The Gaylord has three large interior atrium spaces, with tons of plants and flower and trees. Very relaxing to walk around and enjoy the greenery, especially if you are from somewhere that it is not so green right now!

I leave you with a few pictures from the atrium – more to follow! Now, I am trying to track down my camera, which disappeared somewhere between Nashville and Colorado, hoping it turns up (especially since it has FOOD pictures on it!)

This is one of my favorites.

It was HUMID in there too, as well as outside. My skin looked great!

More Southern Fried Goodness

Thursday night in Nashville, we ventured out to Puckett’s Grocery and Restaurant. It was a Facebook recommendation and it was excellent.

I am very lucky to have two board members along who understand my quirks and don’t mind when I say “Don’t eat it yet, I have to take a picture.”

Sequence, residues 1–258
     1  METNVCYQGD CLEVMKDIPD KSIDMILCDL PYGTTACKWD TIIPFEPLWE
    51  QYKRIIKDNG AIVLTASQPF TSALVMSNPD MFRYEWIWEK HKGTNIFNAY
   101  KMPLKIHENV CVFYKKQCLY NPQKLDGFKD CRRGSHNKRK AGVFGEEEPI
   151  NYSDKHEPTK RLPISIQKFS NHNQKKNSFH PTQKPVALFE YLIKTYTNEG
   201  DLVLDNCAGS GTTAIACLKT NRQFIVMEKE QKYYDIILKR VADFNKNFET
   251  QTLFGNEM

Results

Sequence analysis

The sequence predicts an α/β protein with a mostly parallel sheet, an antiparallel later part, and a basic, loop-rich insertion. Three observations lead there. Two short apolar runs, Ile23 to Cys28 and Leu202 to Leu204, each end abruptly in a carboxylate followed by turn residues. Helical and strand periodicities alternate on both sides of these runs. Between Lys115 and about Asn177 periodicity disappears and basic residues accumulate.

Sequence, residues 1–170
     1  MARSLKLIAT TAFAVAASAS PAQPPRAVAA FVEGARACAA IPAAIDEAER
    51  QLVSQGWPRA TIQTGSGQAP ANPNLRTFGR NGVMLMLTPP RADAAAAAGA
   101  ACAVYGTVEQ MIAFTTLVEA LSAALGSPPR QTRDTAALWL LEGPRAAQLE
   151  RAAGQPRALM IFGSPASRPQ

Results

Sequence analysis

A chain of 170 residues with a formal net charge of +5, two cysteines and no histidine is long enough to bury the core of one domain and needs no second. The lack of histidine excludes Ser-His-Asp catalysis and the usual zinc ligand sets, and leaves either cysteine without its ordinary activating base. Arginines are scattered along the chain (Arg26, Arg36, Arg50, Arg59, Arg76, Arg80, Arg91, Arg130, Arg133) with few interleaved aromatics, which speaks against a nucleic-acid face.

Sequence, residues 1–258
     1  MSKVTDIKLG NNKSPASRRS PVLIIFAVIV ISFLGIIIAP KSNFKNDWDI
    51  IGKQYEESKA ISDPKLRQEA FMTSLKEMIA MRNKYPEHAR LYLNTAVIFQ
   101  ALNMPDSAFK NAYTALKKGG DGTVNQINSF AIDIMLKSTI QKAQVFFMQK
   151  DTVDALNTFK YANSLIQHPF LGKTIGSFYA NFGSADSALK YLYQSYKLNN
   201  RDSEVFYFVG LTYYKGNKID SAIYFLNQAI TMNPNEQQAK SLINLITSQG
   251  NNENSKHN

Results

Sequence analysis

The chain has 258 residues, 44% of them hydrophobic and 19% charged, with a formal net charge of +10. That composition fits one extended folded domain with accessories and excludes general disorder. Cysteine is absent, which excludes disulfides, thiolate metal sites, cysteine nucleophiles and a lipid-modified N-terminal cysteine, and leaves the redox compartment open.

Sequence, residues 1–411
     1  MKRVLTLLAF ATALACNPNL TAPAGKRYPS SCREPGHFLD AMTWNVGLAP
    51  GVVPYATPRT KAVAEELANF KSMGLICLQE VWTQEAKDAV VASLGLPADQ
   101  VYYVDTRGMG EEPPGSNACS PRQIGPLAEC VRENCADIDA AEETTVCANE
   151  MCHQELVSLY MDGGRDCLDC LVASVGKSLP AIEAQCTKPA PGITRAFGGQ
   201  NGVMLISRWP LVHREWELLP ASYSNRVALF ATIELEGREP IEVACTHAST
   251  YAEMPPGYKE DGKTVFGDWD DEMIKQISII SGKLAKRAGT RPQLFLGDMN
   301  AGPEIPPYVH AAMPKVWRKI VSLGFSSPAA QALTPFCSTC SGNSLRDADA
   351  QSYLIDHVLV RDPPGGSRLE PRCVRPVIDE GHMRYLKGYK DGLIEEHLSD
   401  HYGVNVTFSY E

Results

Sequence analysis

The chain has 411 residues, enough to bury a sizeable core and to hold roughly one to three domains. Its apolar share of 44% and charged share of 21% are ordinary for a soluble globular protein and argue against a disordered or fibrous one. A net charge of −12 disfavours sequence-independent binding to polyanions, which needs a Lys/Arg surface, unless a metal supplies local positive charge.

We had been told to try the fried green beans and Yazoo beer. I am not a beer person, but my two board members tried it and said it was great. I had a apple pie moonshine martini which was excellent.

I had the fried chicken, excellent.

It came with a corn cake, green beans, and mashed potatoes.

I was torn on whether to order the chicken or the shrimp and grits, so I was glad when one of my board members ordered the shrimp and grits, because then I got to sample them.

They had a lot of cardamom in them, so very Indian spicy tasting.

Mmmmmm. My other board member ordered chicken fried chicken. It was a little larger than he expected it to be.

He also gave his meal the thumbs up. We were too full for dessert. They also had a live bluegrass band, Quickfoot and the Slow Downers – they were really very enjoyable. We hadn’t been actively seeking live music, but it was really nice to have someone to listen to. A delightful evening! And on our return to the hotel, “weather alerts” including the unnecessarily apostrophed “temperatures expected to rise into the 70’s and 80’s which could lead to the outbreak of tornadoes” so that may be festive.